The Algona Republican from Algona, Iowa on May 6, 1891 · Page 1
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The Algona Republican from Algona, Iowa · Page 1

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Algona, Iowa
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Wednesday, May 6, 1891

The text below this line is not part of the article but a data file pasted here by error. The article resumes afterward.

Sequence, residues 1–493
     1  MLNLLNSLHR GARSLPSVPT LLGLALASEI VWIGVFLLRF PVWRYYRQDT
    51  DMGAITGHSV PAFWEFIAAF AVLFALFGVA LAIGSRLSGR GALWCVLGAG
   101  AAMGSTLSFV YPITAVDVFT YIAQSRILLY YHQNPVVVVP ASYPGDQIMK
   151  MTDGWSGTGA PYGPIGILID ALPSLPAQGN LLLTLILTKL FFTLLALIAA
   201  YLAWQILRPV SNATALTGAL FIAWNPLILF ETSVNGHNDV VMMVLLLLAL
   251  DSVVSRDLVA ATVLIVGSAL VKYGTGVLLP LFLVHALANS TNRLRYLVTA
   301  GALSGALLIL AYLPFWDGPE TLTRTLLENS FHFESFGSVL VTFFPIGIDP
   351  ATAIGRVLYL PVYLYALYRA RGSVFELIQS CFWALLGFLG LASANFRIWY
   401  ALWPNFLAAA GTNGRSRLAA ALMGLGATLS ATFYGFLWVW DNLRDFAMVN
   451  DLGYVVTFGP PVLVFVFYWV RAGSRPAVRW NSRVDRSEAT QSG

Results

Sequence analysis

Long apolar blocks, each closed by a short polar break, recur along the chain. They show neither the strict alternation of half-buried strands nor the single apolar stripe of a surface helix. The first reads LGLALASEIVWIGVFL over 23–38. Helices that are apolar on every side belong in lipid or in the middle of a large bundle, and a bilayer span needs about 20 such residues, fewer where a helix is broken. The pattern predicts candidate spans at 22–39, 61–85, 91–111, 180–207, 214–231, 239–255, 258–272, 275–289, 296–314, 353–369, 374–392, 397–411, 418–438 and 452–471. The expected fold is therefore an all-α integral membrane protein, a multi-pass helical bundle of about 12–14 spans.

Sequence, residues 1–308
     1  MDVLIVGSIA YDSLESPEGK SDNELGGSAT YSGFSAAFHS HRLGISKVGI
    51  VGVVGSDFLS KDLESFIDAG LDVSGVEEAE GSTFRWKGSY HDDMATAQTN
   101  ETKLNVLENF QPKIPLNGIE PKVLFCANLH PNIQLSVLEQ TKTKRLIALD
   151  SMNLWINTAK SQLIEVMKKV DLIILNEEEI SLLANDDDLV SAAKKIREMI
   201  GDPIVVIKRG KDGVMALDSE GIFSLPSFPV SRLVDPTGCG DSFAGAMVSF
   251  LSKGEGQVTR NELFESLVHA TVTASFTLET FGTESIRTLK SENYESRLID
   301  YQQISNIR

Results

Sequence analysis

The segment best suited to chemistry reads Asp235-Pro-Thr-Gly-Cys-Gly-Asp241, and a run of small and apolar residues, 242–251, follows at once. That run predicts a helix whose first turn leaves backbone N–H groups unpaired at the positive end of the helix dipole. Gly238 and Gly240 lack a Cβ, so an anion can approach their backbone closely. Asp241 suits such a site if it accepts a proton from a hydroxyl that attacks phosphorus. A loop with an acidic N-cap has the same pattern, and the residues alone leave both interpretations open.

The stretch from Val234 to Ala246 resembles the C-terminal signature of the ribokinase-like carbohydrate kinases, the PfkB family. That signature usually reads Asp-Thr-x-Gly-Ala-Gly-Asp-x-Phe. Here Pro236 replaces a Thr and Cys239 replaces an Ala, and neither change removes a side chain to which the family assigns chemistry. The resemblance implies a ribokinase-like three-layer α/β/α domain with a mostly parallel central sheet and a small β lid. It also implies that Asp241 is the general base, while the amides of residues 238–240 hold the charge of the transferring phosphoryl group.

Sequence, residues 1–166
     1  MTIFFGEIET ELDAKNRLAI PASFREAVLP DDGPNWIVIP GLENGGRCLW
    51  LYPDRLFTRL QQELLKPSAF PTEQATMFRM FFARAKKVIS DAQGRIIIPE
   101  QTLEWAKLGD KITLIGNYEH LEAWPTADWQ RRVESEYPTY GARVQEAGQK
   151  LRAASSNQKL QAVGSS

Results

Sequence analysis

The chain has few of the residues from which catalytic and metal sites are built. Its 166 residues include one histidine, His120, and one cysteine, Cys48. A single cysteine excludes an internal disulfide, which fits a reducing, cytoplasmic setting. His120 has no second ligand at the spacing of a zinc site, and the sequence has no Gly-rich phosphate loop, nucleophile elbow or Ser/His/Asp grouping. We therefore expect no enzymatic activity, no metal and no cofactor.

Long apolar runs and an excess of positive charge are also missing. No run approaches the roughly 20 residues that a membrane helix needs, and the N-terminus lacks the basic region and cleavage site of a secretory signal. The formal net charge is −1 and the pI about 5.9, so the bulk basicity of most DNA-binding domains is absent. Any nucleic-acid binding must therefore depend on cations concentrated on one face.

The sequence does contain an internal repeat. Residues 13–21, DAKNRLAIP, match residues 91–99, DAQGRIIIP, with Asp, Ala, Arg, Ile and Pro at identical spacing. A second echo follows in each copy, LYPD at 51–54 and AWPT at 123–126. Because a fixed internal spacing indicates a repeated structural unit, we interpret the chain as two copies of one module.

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VOL, XX. ALGONA, KOSSITTH COUNTY, IOWA, WEDNESDAY, MAY 6, 1891, No. 81. KVKRV WEDHKSDAV. STARR * HALLbCK, Proprietors. JOS. W. HAYS. Editor. _ Terms of Subscription. One copy, one year. In advance ......... ... .$1.50 One copy, six months. In advance ....... , ... 75 One copy, three months, In advance ........ 40 Subscriptions continue till ordered stepped and all arrearages are paid, AND JOB PRINTING. The equipment of the IIEPTOLIOAN OWIlce for Book and Job Printtne; is unsurpassed in this county. Steam power. lap Advertising rates made known -on application. This paper is the olllcial paper of Kos- sutli county aud the city of Algona, Democratic talk is cheaper -than ever: Largely on account of McKinley. One democratic governor in twenty- five years ought to be enough to satisfy Iowa. seven or eight years ago, while at the same time the value of Iowa farms has enormously increased. The experience of your immediate neighbors around you has been the experience of the farmers of the entire state. It will interest the farm ers to know that while the mortgage indebtedness of the farms of Iowa has decreased since 1882, and the mortgage indebtedness on town lots has almost doubled. And it is probably safe to assume that Iowa farm lands as a whole during the past eight or ten years can show a greater increase in value than the town property of the state as a whole can show during the same space of time. The farmers are getting out of debt and earning a competence in Iowa faster than finy other class of people. One third of the registered voters in the state of New York did not vote at the last election. The 'Hstay at home" was responsible for a share of the landslide last November. The first care of tall Republican campaign committees hereafter should be to take steps to see >that the party polls its itill strength on 'election day. The Iowa Democrocy is at its old tricks again. An effort is beirag made by the Democrats to get a third party ticket in the field for the purpose of subtracting votes from the Republican majorities. How far will they be <ab]e to hoodwink the farmers? We have more about this in another column clipped from the Des Moines Capital. Let the farmers read it. The Republican State Central committee meets in Des Moines today. We are in hopes that an early date will be fixed for the state convention. There is no reason for a delay. The issues of the campaign are all determined, and so far a'S' the DemocratiC',party is concerned the candidates are as good as known. Let us hear the opening'Strains of the campaign music this year as early as possible. ON THE DOG TROT TO EUIN. Who has not noticed the "peculiar trot of the canine tribe and wondered at it? The Democratic brethren will pardon us for the use of a homely simile which suggests itself from the present actions of the Democratic body politics. The head of the party is badly 'out of line as indicated by Mr. Cleveland's silver letter, and the tail end of the party, consisting of the greater bulk of its voters, is deflecting obstinately in the-direction of free coinage. As a resultant of these conflicting forces the whole party seems to be going, as it were, on a dog trot to defeat in .1892. In 1875 wire nails were worth 10 cents per pound; in 1882 13.32 cents per pound and in 1891 2.1 c&nis per pound. In 1875 the duty on wire nails was one cent per pound. In 1888 the duty on nails was increased to four cents per pound. The year previous, 1882,-we manufactured 50,000 kegs of nails of-100 pounds each. In 1890 we manufactured 3,500,000 kegs of pounds each. Nails are now worth cents per pound. The tariff has done it all. Hear the conclusion of the whole Fmatter:—"the tariff is a tax." ANOTHER FROM DOLLIVER. Congressman Dolliver made another of his big speeches.at the recent banquet of the American Protective Tariff League in New York City. We have only .room in this issue to give a sentiment or two from the speech. Dolliver has an unshaken faith in Iowa,-and the policy that is making Iowa rich by further diversifying the industries of the country and .creating a larger market for the products of our farms. In the course of his speech Mr. Dolliver said: The people whom I represent do not seek any bankrupt sales; they are not in search of bargains that bring to their firesides the atmosphere of waut. If the importers of this town wait lor their victory until the .farmers of Iowa vote the man. hood out of American life, or institute a boycott against the United States of America, tJiey will crowd Methuselah for first place. There is not a village in Iowa that has not its board of, trade, with a brass band and a ' cash donation for any well dressed man that will come to it and agree to enter into any form of industrial enterprise. Farmer Woods >of -Port Dodge has left Iowa and gone to Chicago, where he will engage in the -commission business. It will be remembered that he was the Democratic farmer' .candidate who ran against Dolliver last fall. The next thing we hear of Bro. Woods he will probably be running for Aldea>man in Chicago on the farmers' ticket. It .was a pretty good jokfi, all that talk in-the Democratic papers about the farmer .candidate last fall. Mr, Woods let up on 'his rural pursuits pretty suddenly after -election. He was one of those men, lik« Governor Boies who farm at long range and let the tenant do the work for an interest in the crops. England is saturated with beer and soaked with rum and ie getting worse every year. The amount of'beer consumed in England increased last year 4 per cent, and the amount of rum consumed increased 12 per cent. This increase took place in the face of an increased 'duty on beer and 'spirits of all kinds. It is said that 1,900,000 people in London alone, are up ion the border land of starvation, owing rto the lack of work and tlie habit of (Squandering everything earned .upon the •dram shop. England would toe a good country for some of our anti-prohibition, anti-McKinley bill friends to emigrate to. They would find a state of society in feeeping with their ideas. The total real estate mortgage indebtedness of Iowa is $199,034,950. Over 25 per cent, of this amount is on town lots. These figures are from a recent bulletin issued from the census office, aud are official. Iowa's mortgage indebtedness has for some time formed a favorite text for the apostle of calamity, and the figures look startling, but when the matter is analyzed the one hundred and ninety nine million dollars mortgage indebtedness loses some of its terrors—it is no longer such a startling proof of Iowa's poverty but rather an evidence of the enterprise and prosperity of Iowa farmers. The census report sbows that 00 per cent of the farm mortgages of Iowa were given for purchase money. It is not a bad state after all that encourages the farmer to go into debt offering him at the same time a guarantee that he can get out. There is no better or gafer se- parity in the world than an Iowa mortgage. Iowa farmers are in debt »pj eo feayily in debt according tp l#nojt of tne census office as wey PLEDGED TO THE SALOON. The Democratic editor-of the Dubuque Herald was .present at the meeting of the Democratic -state central committee in Des Moines last week and sent the following dis,patch to his paper: Most of the talk that I heard, and I have been told it was .the same in the conference, was upon .policies and principles. Nothing at all was said about candidates, except that -it was taken as a matter of ^course that Governor Boies would head the ticket.aud lead it to victory again. .Not a man on the ground but seemed perfectly confident of ,ihe result next fall by a .good round majority, and especially so if the Republicans will accommodate them by putting up that old time prohibitionist "Fanner Wheeler" It was the general idea that prohibition would be the main issue in the fight, and that as the campaign progressed the big fight would be on members.of the legislature in the doubtful counties. There is a strong .determination among the people, and especially with the business men, to remove prohibition from the statute book, and this can only be done by the election of the members of the legislature. As outlined in conversation it seemed to be the prevalent idea that prohibition wonld be the main issue, the tariff would come next, and then railroad legislation aud silver. There was more talk about a silver resolution than any other one thing. What should be the expression on that? It was the universal sentiment that the party platform should be bold and have no uncertain sound on that subject. The language of the state platform last year, was conceded by all to be safe, judicious and expressive. The current of thought was well expressed by Hon. Fred White, con gressman-elect from the Sixth district. "Do not enlarge," said he, "or modify the position taken at Cedar Rapids on the 6th of August, 1890, but incorporate it bodily into our platform this year. I don't know of a democrat in all my district who will go back on that." Here we have it on the very best of Democratic authority,. Prohibition is to be the leading issue of the campaign and the Democratic party is tp corae out in open championship of the saloon. The party will pledge themselves in the Ottumwa platform to remove prohibition from the statute books if the people of Iowa will give them a majority in the legislature. The Democratic party says to the saloon; "I am your friend," and it has no apology to offer the people for such an affiliation. The Republican convention will have but one course to pursue aud that will be to write as strong an endorsement of prohibition as possible in the state platf era. Let the fight be made squarely and fairly uppn the prohibition issue and we have no fear as to the results. ods of conducting a campaign, and in part to an apathy upon the part of the Republican party. The Republican party is not dead yet as many have been inclined to suppose, but shows every evidence of an awakening to a newness of life that will be a suprise to the Democratic party in 1892. Every where there is evidence of an enthusiastic awakening among Republicans, sufficient in itself to guarantee Republican success in 1892. But more encouraging even than this revival in the Republican camp is the fact that the people are swinging into line again with the old party, the mugwumps are coming back, and that ever uncertain element in' politics is floating back to the Republican party upon the tide of public opinion. The misrepresentations of the Democratic party in the last election are coming to light continually while the wisdom of the McKinley bill is growing more apparent every day. Factories are going up for the employment of American labor ai a result of the bill and prices on the whole are cheaper than they were before. All these things are having an effect. Reciprocity is a Republican idea and is growing more popular every hour. The masterly conduct of the State department in several critical moments and the general business like conduct of the administration as a whole have made many friends for the Republican party. What of the Democratic party. With all of the promises and prophecies still remembered by the people, and pledged to the repeal of the McKinley tariff law which is growing to be a more and more popular measure, the Fifty-second Congress will have to play its cards carefully. The least mistake would be sure to 'bring its consequences. The Democratic party is in poor trim for a battle. It is divided on the silver question., and has gone on record against reciprocity, it has lied to and it has fooled the people and the people are .finding it out. The Detroit Tribune speaks thus encouragingly of the future : prospects of the Republican party: Under the sagacious leadership of such men as Mr. Clarkson and a host of others whom we might name, the Republican party'Of to-day is undergoing a rejuvenation as real as that which every Spring clothes the wakened earth with verdure. JVe note in the utterances of party leaders the strong faith in the continued viril ity of the Republican party, which leads, to conviction of its ability to co.pe with the present and face the-future. There exists no reason why young men should not/find in this organization the embodiment of their ideals and the means for accomplishing their purposes. The Republicans, enjoying the prestige of along lease of power without abuse, are now pre-eminently representative of the National spirit. Its financial policy has become the admiration of the world. Its commercial policy, now successfully developing, has already struck alarm into the hearts of competing old world nations, whose supremacy is threatened. In .foreign affairs theRepblican party has maintained the dignity of the nation, and is now extending its intluenee over the Western hemisphere, where our civilization is destined to become dominant. The Republican party has shown a grasp of events, a power of dealing with issues newly arisen, which can not fail to command the allegiance of the new. generation of voters. For there is really no other choice. The Democratic party is halting as it ever was. Divided upon them to the mill and saw them into boards, and at least two dollars more to deliver from the mill to the American side. We speak frotti a personal knowledge of what it cost 80 years ago in Canada to produce lumber when good hands could be hired at $12 a month. Then we have to pay Canada two dollars a thousand for the privilege of buying there. This is an export duty. We find the of laying lumber down from Canada hero to be: cost on American Bide $10, add freight to this, $18.95; total cost in Rolfe; $23.95, per M., for rough sawed mill run pine boards. We have reckoned the lumber at cost of transportation, no duty, no middle man's profits, adding duty it would make it $1.50 more, or $25.40. We turn to our lumber dealers and ask the price of lumber such as we describe and find it $12 to $18 without profit to them. Allowing $2 per M. for handling and we make the price average to the consumer $17. We take off the duty; $1.50, and it is $15.50, the price of lumber in this market when bought at the nearest home market. Buying^hc lumber in the nearest Canadian market and delivering it in Rolfe, would cost $23.95, duty free, add to this the same rate for handling that is given for American lumber and we have $25.95 as the cost per M. in Rolfe of this free Canadian lumber. What a grand thing it would be for the poor settler on these bleak Iowa prairies to have to pay $25.95 for lumber under free trade when he gets it for $15.50, home made. The facts are well known to everyone who tries to keep posted that here in Rolfe we are buying lumber just as cheap as in the older settled parts of Canada. This free lumber cry made to catch the unthinking is but the appeal of the demagogue to the ignorance of those not posted to get them to believe a lie, that so believing they may vote for the perpetuation of a theory which is not true. AGENCY CELEBRATED iOOTS&SHOES ESTABLISHED 1843 FHEB IGGEST TRADE MARK.COP.YRBHTEI& I have a Large Stock of BOOTS and SHOES. I can give you a good assortment to choose from and prices as LOW AS THE LOWEST. Home made Harness. Trunks, Valises etc. THE GRA!(r J.1J.JO U JLixlli U as the tariff question, swayed by ignorant clamor for debased currency, indifferent to, the commercial welfare of the country, and heedless of the sanctity of the ballot, the Democratic party does not present a single principle' capable of attracting young men to its standard. Tried in many another emergency, the Republican parly has proved equal to this one, due to a-niomentary palsy of the hand of leadership. Now that the reins have beep, taken up by those who have full comprehension of the growing necessities and broadening conceptions of the present, the Republican party will rally about iits new issues not only the young men, but also those potent factors of a great political organization—the men who think, and the men who act upon their convictions. NOT DEAD YET. The great land-slide of 1880 was dye part to the energetic work of tne FREE LUMBER. \Vhat a blessing free lumber would be to the settlers on the prairies of northwestern Iowa.—Free Trader. Rolfe Reveille: The only foreign source from which we can draw our supply of lumber is Canada, which has large timber supplies. The value of timber there dependsupon its proximity to settle ment and to streams of sufficient volume to allow its being rafted to market. The Ottawa river and its affluents have been worked for more than two hundred miles from the St. Lawrence, and every year drives the lumber merchant further north, into the region of the poorer pine. Lumber in the green state weighs more than 3,000 pounds to the thousand square feet. The rate from Minneapolis to Rolfe is 18 cents per hundred pounds or $3.90 per thousand. This is a distance of 200 miles. If we seek our supply of lumber from Canada, we find that Sault Ste. Marie whence the lumber of the north Superior region must come for distribution at the upper end of lake Michigan, is 500 miles from St. Paul, then it follows that if 300 of transportation cost $3.90, 500 mil«s would cost at same rate $9.75. Add these items together ajtd we have $13.65 §s toe cost of freight alone from tbe nearest accessible Canadian point to Rolfe. Ittakeeatleast six dpi- la«p«r thousand to fe,U tfe§ trees, A FRAUD. Des Moines Capital: The Democratic party is up to its old tricks. It has taken the republican farmers of Iowa for chumps once again. It is operating in disguise as usual. The Democratic party is working up a "farmers'party" and has promulgated the following call: April-^0, 1891.—Dear Sir and Brother: The period has at last arrived when the friends of industrial reform in Iowa should associate themselves for independent .political action. The movement is demanded by patriotic citizens in every part of the state without regard to former political affiliations. We think that an early state convention should be called. Representative men of the National Farmers' Alliance, Farners' Alliance and Industrial Union, Farmers' Mutual Benefit Association, State Grange, Knights of Labor, Citizens' Alliance, Federation of Labor, Trades Assembly, United Mine Workers, and all industrial organizations of the state will be invited to participate, not as representing organizations, but as individuals. We suggest the inclosed as the proper form for a call. Please sign the same and return to Jonathan Shearer, Red Oak, Iowa, who is authorized to publish the same as soon as yourself and others throughout the state are heard from. A. J. Westfall, Sergeants Bluffs, Iowa. G. T. Ash-by, Red Oak, Iowa. Jonathan Shearer, Red Oak, Iowa. F. F. Roe, Castana, Iowa. S. 8. Mann, Des Moines, Iowa. J. W. Gallagher, Minden, Iowa. S. M. Fairchild, Milford, Iowa, Every name signed to the above letter is the name of a democrat, and we are informed that the letter is being sent out on the letter heads of the National Farmers' Alliance, which letter heads are bogus and unauthorized. The object in sending out the call in every county to secure signatures is to inveigle republican farmers into the movement before they understand what it really is. We warn republicans against it, and we ask republicans to inquire if any farmers' party is being organized in the south where the Cotton Seed Oil Farmers' Alliance originated. Not much. The north is chosen for such work, to aim in putting the democratic party into power ia 1893. The republicans of Iowa want to understand this thing just as it is right at the start, and to brand it as a democratic movement in ambush. It is another Weaver- Sovereign trick. We challenge a denial of the statement that every name appearing to the above letter is that of a democrat. Mr. Roe is a democrat and was a member of the last general assembly from Monona county. Mr. Westfall is a democrat. Mr. Ashby, of Red Oak, has not been a republican for eighteen years. So on with the entire list of signers. Dry Goods, Carpets, Lace Curtains, Groceries, Crockery etc, etc. Free Delivery. Ambrose A. Call, D. H. Hutcliins, President. Vice-President. J. C. Blackford, Cashier. FIRST NATIONAL BANK, Of Alg-ona, Iowa. ^-CAPITAL $50,000.00. Money always on hand to loan at reasonable rates to parties who can furiiisn first-class security. • ^ Directors—Ambrose A. Call, D. H. Hutcliins, J. C. lllackford, "Wm. K. Ferguson. C. B. Hutcliins, Philip Dorweiler, A. D. Clarke. M. Z. GROVE. GKE3O"VE JOHN GROVE. LIVERY, FEED, AND SALE STABLE. Best of Horses and Carriages. West of Tiiorington House. M. Z. GROVE, MANAGER. FARM LOANS. We can now make loans on Improved LancU from one to ten year's time and give the borrower the privilege of paying the whole loan or any part thereof in even §100 at any time when interest falls duo. This is Iowa Money, and no second mortgage or coupons are taken. This plan of making a loan will enable the borrower to reduce his mortgage at any time and save the interest on the amount paid. Money furnished at once ou perfect title. Call on or address, H. HOXIE, Algona, Iowa. DO YOU Beggs' Cherry Cough Syrup has gained its great popularity simply on its true ment. It is equally as good in a case of deep seated cough as in a freshly taken cold, as it relieves the cough at once, so that the lungs and bronchial tubes are not irritated by continual coughing, thereby relieving them of all soreness. Sold by F. W. Dingley. 24-87 to learn millinery busi- E. REEVE & Co. ness. Any Farm Machinery this year? Remember that I handle all the leading makes and Beggs' Little Giant Pills are the best pill on the market for constipation, indigestion aud all derangements of the liver and bowels. E&ch package contains nearly one-oalf wore than the ordinary pill packages, bu,$ s^Us at tbe same price. Pi- rectjocs witq. ^Qii package. For sale by F, W. DiO^r; -— . ^e^'V4 f that my prices are all right, A little memory exercise of this kind will pay you. Look over my stock before you buy, It will cost you -nothing to see aud if you bu? it xp$y save you money, J. S. GALLAGHER